Documentary blames Brown for hostility to speech on campus
- A new mini-documentary from Rob Montz carefully traces the rise of the campus protest culture back to Brown University, where the free exchange of ideas has been suppressed as violent and hurtful.
- In 2013, student protesters succeeded in shutting down a speech by former NYPD Commissioner Ray Kelly, then managed to defeat an SGA resolution re-affirming the school's commitment to free expression.
- More recently, demonstrators targeted the student newspaper merely for publishing op-eds that some students did not like.
A new mini-documentary from Rob Montz carefully traces the rise of the campus protest culture back to Brown University, where the free exchange of ideas has been suppressed as violent and hurtful.
“It’s completely natural for 19 year olds to be wildly overconfident in their politics,” Montz told Campus Reform, explaining his motivation for creating the film. “The problem is when a university—an institution specifically designed to stoke doubt and appreciation of complexity—starts bending to the narcissism, starts compromising the curriculum and campus climate to accommodate it.”
While many attribute the origin of the current campus climate to last fall’s student uprising at Mizzou, Montz shows that the trouble actually began to appear long before at Brown, where a 2013 lecture sent the school down a path of partisan divide.
Indeed, when Montz’s alma mater invited then-NYPD commissioner Ray Kelly to speak on campus, student protesters repeatedly interrupted his lecture, eventually leaving Kelly no choice but to leave—a victory for campus leftists that would set a precedent for the years ahead.
When Wendy McElroy, for instance, was invited to campus a couple years later to deliver a lecture that challenged the notion that America has a “rape culture,” students called it “mind violence” and pleaded with administrators to cancel the event.
McElroy, notably, is a rape survivor herself and called America’s obsession with claiming the title of “rape culture” “an insult to women who live in one.”
“The main thing they want is conformity—just fall into line,” she tells Montz in the film. “Some things cannot be said. Some ideas cannot be spoken.”
Shortly after McElroy’s appearance on campus, Montz reports that a group of faculty met in a closed-door meeting to vote on a resolution that merely reaffirmed a section of Brown’s own founding charter that protected the “free exchange of ideas” on campus. The resolution, however, did not pass.
So, Montz returned to his former school to see what went wrong, discovering that the system was corrupted from the inside with many well-respected professors and administrators who quickly capitulated to the demands of student protesters.
In fact, a woman by the name of Tricia Rose, whom Montz describes as one the school’s “star” professors, led the charge against the motion to uphold Brown’s commitment to free expression. In what Montz thinks was no coincidence, she was then invited to address the incoming freshmen class at an annual convocation, where, Montz aptly notes, she “showed them that a string of fashionable jargon is indeed an acceptable substitute for an argument.”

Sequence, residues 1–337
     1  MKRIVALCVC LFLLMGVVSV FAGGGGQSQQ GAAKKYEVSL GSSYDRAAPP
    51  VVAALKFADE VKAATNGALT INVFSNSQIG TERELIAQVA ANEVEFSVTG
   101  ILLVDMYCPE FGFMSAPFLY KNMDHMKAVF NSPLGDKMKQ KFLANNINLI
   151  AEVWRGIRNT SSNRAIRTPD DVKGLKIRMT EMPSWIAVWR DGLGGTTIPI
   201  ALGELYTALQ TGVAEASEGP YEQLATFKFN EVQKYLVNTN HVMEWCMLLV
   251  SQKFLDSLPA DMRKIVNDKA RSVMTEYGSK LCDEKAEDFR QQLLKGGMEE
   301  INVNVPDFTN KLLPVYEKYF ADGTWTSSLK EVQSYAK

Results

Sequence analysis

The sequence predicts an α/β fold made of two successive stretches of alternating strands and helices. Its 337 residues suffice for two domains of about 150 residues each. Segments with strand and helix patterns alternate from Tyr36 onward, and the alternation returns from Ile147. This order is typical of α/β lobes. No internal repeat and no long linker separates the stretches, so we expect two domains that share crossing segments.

“We have used in the post-civil rights era the ideology of the illusion of colorblindness as the rhetorical vehicle for the maintenance and development of a system like the prison industrial complex,” she remarked, for example.
In another case, Montz explains that The Brown Daily Herald ran a student op-ed presenting some of the potential reasons why colonialism was actually economically beneficial for the Native Americans.
Rather than rebut the argument, however, students protested the fact that it was ever published in the first place and demanded a response from the school’s administration, which responded by condemning the article for the “harm it caused.”
Montz, though, explained that he approaches the overall situation with a certain amount of empathy and thinks that minorities in America are right to ask that institutions typically set aside for the privileged in society better accommodate the lower class.
“I don’t come at this as some crotchety conservative type that just wants to complain about narcissistic, entitled millennials,” he told Campus Reform. “I used to be one of those entitled, narcissistic millennials.”
The problem, as Montz shows in his documentary, is that even when his alma-mater specifically rolled out a multimillion-dollar plan to make the school more diverse, protesters thanked the administration by storming the provost’s office and refusing to leave.
And then, when Brown’s provost simply asked if they could all “just have a conversation,” the response was a resounding “no.”
“This is not a grand battle against institutionalized injustice,” Montz remarks in his film. “This is an addiction to indignation.”
The new mini-doc, titled “Is the University Killing Free Speech and Open Debate?” powerfully captures in just a few short minutes the radicalism of the left, using Brown as a microcosm of America’s college campuses and leaving the viewer with a sense of despair.
Indeed, the filmmaker himself told Campus Reform he is not hopeful for the future of the university.
“I’m pretty pessimistic,” he said. “I think real, vigorous debate is migrating to outside the academy.”
Follow the author of this article on Twitter: @AGockowski